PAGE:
palette(redirected from palettes)
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in the fine arts (primarily in painting), a system of color tonal relationships, which forms a certain unity and is an aesthetic realization of the colorfulness of reality. It is one of the most important means of aesthetic emotional expressiveness and a component of artistic representation. Its nature is related to the content and overall intention of the work of art, to the epoch, and to the style and personality of the artist.
Two types of pallettes have evolved thus far. The first is related to the use of a system of more or less quantitatively restricted local colors and often with the symbolic meaning of colors (as in medieval art). The second tendency is characterized by the desire to fully render the color scheme of the world, space, and light, as well as by the use of tones, values, and reflected colors. Depending on the particular color combinations, a palette can be serene or tense, cold (when blue, green, and violet tones predominate) or warm (when red, yellow, and orange tones predominate), or light or dark. Depending on the intensity and richness of the color, the palette can be bright, restrained, or muted. The palette used in a particular work of art is created by a unique interaction, which is achieved by adherence to the laws of harmony, complementarity, and contrast. The selection of a palette is determined by the type of art, the material, and the purposes of the work. The system of color relationships in sculpture and architecture is usually designated as polychromy.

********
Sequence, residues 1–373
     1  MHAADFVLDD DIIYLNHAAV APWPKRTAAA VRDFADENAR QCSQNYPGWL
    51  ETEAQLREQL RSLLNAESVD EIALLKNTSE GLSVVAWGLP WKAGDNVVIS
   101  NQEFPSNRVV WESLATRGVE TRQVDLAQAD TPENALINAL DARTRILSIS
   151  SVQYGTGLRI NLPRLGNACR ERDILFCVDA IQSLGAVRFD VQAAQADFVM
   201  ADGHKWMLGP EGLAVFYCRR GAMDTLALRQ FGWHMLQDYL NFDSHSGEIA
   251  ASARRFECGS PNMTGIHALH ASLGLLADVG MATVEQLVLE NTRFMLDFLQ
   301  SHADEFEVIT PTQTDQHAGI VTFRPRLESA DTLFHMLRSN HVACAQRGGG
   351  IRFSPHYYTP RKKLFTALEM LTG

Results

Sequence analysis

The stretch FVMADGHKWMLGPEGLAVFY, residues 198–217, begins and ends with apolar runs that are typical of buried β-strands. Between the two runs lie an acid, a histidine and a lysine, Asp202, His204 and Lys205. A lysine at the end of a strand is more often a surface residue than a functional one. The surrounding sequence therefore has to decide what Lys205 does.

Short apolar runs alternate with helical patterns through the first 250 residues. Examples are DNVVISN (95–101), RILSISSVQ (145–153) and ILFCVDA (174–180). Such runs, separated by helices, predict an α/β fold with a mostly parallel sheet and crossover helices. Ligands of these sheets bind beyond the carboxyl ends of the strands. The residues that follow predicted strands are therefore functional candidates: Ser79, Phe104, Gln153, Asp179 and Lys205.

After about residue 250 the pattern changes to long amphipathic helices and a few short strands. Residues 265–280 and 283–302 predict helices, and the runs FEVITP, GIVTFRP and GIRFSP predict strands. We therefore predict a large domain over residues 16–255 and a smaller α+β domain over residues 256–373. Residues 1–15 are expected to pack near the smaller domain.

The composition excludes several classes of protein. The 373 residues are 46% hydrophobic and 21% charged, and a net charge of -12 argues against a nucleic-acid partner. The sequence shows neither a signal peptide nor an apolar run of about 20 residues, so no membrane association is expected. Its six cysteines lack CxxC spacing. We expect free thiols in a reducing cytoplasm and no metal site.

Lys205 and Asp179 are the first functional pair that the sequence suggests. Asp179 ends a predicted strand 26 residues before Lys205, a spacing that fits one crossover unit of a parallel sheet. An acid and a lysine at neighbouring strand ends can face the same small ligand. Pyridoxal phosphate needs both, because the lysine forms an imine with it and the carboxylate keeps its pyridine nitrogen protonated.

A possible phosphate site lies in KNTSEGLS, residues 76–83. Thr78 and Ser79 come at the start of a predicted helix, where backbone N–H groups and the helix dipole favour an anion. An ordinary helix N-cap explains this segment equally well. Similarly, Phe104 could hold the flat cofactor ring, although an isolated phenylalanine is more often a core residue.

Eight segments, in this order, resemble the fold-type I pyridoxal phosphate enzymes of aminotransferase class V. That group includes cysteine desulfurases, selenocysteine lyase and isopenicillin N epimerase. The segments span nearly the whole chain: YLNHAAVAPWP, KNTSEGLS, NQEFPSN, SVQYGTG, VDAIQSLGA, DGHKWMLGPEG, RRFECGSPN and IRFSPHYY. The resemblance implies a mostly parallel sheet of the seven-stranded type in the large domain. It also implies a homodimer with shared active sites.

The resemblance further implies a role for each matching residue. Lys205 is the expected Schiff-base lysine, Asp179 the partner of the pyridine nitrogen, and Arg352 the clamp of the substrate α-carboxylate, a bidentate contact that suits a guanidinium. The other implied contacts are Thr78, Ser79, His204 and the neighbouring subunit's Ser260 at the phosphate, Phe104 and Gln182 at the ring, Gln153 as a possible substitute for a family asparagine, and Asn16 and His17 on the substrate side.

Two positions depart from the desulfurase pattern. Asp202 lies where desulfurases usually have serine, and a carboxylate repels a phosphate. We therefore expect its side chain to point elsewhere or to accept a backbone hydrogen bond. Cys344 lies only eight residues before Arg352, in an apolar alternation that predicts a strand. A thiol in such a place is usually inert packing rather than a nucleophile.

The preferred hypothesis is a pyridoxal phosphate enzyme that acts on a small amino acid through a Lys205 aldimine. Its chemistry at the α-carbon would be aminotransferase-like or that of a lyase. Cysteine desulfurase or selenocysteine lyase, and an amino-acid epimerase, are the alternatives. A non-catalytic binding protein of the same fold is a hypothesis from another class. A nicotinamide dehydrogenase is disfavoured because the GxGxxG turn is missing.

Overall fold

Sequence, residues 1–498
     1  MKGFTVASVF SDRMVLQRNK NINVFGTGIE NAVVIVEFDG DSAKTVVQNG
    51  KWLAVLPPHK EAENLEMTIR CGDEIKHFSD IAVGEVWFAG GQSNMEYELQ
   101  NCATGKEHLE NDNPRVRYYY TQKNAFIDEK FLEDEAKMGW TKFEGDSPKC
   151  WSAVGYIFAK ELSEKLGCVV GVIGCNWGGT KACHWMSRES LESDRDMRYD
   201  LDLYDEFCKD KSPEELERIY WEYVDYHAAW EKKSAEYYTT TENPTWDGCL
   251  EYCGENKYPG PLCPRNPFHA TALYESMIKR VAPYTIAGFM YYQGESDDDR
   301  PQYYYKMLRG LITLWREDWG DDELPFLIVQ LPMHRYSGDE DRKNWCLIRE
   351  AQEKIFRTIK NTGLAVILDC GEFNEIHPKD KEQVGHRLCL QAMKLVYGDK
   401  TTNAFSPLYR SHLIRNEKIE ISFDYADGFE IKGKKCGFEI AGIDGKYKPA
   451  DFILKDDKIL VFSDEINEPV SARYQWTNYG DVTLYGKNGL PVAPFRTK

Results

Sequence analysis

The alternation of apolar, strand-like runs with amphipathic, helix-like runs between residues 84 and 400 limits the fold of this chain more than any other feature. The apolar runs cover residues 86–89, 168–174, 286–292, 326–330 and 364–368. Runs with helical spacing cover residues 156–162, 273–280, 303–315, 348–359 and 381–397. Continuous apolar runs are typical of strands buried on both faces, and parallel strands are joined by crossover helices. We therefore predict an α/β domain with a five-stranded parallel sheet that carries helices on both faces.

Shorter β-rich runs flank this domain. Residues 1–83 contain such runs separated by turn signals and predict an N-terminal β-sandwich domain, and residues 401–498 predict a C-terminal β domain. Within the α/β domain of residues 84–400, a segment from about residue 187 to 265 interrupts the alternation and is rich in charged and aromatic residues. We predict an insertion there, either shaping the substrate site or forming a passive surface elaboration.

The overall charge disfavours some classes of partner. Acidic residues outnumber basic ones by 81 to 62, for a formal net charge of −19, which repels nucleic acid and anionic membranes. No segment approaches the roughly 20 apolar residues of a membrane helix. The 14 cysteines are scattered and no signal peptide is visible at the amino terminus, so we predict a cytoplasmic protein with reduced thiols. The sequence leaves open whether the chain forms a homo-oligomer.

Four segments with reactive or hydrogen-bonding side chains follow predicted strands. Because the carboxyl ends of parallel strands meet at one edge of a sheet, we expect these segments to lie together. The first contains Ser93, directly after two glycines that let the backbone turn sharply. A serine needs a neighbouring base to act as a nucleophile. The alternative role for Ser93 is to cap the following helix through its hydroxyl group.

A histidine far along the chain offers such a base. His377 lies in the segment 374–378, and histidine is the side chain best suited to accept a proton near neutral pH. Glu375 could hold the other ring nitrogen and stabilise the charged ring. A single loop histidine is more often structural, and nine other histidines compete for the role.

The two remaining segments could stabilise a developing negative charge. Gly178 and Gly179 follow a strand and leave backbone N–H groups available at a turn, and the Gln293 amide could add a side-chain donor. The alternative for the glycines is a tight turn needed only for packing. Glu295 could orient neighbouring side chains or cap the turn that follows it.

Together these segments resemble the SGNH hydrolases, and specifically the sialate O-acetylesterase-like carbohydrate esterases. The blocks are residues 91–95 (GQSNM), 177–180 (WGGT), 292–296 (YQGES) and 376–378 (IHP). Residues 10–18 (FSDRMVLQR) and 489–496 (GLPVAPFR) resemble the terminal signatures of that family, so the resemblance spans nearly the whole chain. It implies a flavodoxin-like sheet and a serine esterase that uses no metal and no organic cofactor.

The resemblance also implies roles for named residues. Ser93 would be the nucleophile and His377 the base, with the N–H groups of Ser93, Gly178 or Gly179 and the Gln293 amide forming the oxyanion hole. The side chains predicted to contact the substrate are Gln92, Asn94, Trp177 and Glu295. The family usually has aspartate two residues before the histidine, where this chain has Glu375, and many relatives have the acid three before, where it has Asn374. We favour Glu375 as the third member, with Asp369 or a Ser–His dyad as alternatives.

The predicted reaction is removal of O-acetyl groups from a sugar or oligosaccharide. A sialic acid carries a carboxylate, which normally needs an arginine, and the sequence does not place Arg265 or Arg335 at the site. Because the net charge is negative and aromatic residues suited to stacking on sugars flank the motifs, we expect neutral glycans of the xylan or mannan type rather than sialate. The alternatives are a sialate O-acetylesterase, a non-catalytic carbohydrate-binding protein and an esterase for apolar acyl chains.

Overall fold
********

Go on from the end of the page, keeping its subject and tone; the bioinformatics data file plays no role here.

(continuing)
REFERENCESEvans, R. M. Vvedenie v teoriiu tsveta. Moscow, 1964. (Translated from English.)
Volkov, N. N. Tsvet v zhivopisi. Moscow, 1965.
V. S. TURCHIN
(1) A board or tablet on which a painter mixes pigments, usually oil colors, while he works. A thin wooden board or a sheet of metal, earthenware, or porcelain may be used as a palette.
(2) The set of colors characteristic of the work of a particular painter.
palette(1) An on-screen window that displays a group of icons/buttons that represent selections to choose from. Palettes may be fixed or customizable. Although it originated for color choices, the term evolved into generic usage. In contrast to a menu, in which the selections are normally hidden, a palette is like a toolbar with options visible at all times.
(2) The available colors in the computer's hardware or graphics file formats. See indexed color and color palette.
(3) An on-screen sample of available colors that may be selected by the user. For example, in a graphics program, it is used for selecting colors to paint images or draw objects. In a business application, the palette is used to select colors for fonts and backgrounds.